A special recovery
Thursday's first estimate for growth is welcome news to everyone, not least government ministers.
In effect, it confirms that the last three months of this latest recession were brought to you by the Queen. Or at least the extra Bank Holiday to celebrate her Jubilee.
If it had not been for that special factor pulling down output in the second quarter, it looks as though the UK's official GDP numbers would have shown the economy to be growing since the spring.
We can't say for sure how much the Bank Holiday or the Olympics have distorted these figures.
We do know that Olympic ticket sales worth 0.2 percentage points of GDP were included in this third quarter figures, regardless of when the tickets were actually bought.
We also know that the Bank of England, among others, believes the Jubilee will have knocked around 0.5 percentage points from growth in the second quarter - and then boosted the third quarter by a similar amount as companies make up the lost output.
One way to step back from this is to simply take the average quarterly growth for the past six months, which appears to have been 0.3%. That is half the long-term average, and a lot less than we would want to see in an economy that is still more than 3% smaller than it was in early 2008.
It also means the economy is no larger now than it was a year ago. This may or may not be a "lost decade". It has certainly been a lost year, if these preliminary figures turn out to be accurate.
But it is growth - even with all the one-offs - and faster growth than most in the City expected. It is even possible now that the UK economy will grow slightly over the course of 2012, though most still expect national output to decline a little. That is because the figure for the fourth quarter is unlikely to be nearly as good as Thursday's. Indeed, some expect it to shrink in the last three months of 2012 - though the average forecast is for modest growth.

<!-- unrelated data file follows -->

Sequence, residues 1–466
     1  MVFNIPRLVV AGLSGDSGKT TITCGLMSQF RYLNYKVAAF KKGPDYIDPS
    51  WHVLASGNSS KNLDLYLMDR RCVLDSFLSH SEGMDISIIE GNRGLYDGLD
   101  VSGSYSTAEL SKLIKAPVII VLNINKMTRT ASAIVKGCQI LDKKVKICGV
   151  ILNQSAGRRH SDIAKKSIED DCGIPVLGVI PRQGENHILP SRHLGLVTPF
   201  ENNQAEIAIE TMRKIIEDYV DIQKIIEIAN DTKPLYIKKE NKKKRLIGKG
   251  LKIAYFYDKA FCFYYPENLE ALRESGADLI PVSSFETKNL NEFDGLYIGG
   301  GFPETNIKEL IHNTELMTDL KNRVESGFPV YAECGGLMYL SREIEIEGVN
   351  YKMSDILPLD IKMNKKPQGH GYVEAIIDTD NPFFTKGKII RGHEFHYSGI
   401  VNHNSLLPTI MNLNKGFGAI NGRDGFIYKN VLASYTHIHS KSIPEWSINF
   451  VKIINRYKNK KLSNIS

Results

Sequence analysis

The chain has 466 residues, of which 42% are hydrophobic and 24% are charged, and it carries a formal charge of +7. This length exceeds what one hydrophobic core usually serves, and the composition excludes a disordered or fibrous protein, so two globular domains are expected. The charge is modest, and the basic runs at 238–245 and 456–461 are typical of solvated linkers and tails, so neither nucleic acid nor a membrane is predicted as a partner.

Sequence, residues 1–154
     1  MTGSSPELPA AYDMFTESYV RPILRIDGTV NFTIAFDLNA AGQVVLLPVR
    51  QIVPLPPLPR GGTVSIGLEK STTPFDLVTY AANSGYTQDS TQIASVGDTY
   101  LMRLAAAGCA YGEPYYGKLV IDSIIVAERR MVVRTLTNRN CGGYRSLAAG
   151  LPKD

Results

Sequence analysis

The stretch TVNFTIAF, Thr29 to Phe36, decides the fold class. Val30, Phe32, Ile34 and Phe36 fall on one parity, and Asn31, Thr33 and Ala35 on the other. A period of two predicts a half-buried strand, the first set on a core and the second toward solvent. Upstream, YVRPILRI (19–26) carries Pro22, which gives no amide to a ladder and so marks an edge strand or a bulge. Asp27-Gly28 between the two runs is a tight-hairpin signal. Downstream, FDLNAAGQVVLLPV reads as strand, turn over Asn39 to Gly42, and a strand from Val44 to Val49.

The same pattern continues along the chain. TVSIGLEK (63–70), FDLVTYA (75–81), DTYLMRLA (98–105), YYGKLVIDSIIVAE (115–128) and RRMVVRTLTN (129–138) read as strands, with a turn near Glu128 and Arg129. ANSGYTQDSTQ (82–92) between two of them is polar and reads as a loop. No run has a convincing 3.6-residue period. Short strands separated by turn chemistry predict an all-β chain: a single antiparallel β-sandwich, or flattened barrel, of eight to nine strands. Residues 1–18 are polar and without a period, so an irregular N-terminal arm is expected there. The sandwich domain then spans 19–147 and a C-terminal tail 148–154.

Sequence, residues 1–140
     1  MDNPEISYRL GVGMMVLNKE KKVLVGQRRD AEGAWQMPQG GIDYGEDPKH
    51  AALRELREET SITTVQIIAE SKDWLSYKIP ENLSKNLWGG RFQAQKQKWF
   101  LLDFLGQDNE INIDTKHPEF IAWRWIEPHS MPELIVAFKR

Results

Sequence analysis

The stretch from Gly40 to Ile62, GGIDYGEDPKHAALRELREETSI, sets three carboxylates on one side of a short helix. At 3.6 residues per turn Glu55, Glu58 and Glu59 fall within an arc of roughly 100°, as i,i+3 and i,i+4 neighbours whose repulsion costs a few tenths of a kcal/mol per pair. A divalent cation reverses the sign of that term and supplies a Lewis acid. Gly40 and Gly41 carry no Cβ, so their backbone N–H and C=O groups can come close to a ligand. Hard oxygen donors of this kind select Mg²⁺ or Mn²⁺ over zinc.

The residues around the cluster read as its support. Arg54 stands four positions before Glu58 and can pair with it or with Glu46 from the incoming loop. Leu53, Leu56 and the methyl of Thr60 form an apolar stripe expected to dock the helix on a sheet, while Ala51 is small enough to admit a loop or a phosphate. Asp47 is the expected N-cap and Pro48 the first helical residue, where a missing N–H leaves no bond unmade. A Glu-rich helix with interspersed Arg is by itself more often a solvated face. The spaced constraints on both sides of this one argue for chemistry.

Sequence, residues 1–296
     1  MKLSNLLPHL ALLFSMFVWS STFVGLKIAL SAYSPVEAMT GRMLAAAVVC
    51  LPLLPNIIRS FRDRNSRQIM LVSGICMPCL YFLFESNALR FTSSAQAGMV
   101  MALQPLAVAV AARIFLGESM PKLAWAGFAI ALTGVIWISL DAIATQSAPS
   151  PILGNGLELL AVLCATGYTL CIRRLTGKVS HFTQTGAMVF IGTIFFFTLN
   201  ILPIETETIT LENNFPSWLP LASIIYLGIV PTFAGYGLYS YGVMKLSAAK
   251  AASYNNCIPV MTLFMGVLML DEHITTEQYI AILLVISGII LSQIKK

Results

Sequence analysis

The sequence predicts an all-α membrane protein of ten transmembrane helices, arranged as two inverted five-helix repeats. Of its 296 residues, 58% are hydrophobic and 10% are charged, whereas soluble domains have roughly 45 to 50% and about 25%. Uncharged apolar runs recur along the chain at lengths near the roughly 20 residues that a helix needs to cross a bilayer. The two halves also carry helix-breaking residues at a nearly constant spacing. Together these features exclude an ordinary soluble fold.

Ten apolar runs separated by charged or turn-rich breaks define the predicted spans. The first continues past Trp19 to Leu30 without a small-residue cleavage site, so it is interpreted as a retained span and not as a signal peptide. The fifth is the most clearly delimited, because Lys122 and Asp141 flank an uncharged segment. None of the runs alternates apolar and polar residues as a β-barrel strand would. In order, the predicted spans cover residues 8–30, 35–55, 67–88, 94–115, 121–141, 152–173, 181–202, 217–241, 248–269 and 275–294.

The positive "surprise" in these figures is largely to be found in the service sector, which is estimated to have grown by 1.3% in the third quarter, after shrinking by 0.1% in the three months before.
For some, that is another reason to take this first estimate with an extra dose of salt: service sector output is especially hard to measure accurately, even without all these special factors being thrown into the mix.
However, as Neville Hill at Credit Suisse points out, two much smaller sectors - construction and energy - have also been pulling the figures down in the past six months.
If you strip out just these two highly volatile parts of the economy, GDP rose even faster in this quarter - by 1.3%, after a decline of 0.2% in the three months to June. So, without those two, the underlying rate of growth in this period would be closer to the long-term average of 0.5-to-0.6% a quarter.
Ministers will understandably savour the moment: the fastest quarterly growth since 2007, at a time when we have had also had good news employment, inflation and borrowing.
Today's news would sound even more exciting if we reported it the way that most other countries do. In the US, for example, we would say that the economy had grown at an annualised rate of around 4%. That sounds fantastic.
Then again, you can see why George Osborne wouldn't want to encourage this kind of talk. He knows that 1% growth is going to be a hard enough act for our troubled economy to follow.